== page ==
UX skilfully combines functionality, appearance and client’s business processes. It is a complex discipline that combines many fields, including e.g. prototyping or business analyses. In view of that, it is worth underlining that a UX Designer is a specialist who combines competences from many disciplines.
In a few words, we can say that UI is responsible for the foundations of application functioning and the interface, while UX consists in perfectly designed experiences and impressions after using the product.
What do UX and UI mean in a good Software House?
In the modern Software Houses, the fields of UX and UI should no longer be a bargaining card, but a standard that is required for good functioning. Even the small companies need to design in compliance with good UX and UI practices in order for the product sold to the client to not only meet the technical specifications but also answer the business needs.
“A good UX Designer is a versatile person who understands business, understands how devices and interfaces work, knows the behaviour of the user, has a very good sense of aesthetics, and is not afraid of talking to people and interviewing or surveying them. The UX Designer is also often called the user’s advocate among programmers, a person who makes sure that usability and visual aspect of the design is maintained rather than considers the design with regard whether it works or not,” says Denis Pokotycki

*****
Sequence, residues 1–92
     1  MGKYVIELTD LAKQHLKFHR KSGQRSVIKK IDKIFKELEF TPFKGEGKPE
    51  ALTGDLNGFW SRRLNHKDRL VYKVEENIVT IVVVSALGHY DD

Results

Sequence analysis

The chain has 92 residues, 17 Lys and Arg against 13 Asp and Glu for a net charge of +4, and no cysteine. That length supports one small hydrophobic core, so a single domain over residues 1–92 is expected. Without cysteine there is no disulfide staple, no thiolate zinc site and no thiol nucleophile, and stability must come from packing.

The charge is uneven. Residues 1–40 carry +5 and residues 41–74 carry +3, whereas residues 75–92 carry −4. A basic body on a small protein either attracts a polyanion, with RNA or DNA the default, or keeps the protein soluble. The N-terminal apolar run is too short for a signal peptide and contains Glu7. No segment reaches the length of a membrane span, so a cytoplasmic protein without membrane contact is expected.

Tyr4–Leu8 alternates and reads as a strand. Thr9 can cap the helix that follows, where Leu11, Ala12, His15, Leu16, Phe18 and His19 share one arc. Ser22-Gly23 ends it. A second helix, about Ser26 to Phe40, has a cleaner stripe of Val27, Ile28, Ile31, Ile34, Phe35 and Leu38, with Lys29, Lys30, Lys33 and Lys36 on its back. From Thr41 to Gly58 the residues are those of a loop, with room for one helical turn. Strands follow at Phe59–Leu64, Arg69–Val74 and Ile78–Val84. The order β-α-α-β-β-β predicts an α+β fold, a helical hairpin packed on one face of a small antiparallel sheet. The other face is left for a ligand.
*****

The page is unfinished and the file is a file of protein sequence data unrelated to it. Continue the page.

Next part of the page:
When talking about design teams working for the client, it is worth mentioning that one of the roles of a software house is to collaborate closely with the client on each stage of the design. Mutual trust and transparency make it possible to finish a project that is “healthy”, one that will provide the client with benefits expected, irrespective of whether that means a well-functioning online store, a tool for generating leads, or a beautiful and efficient mobile application.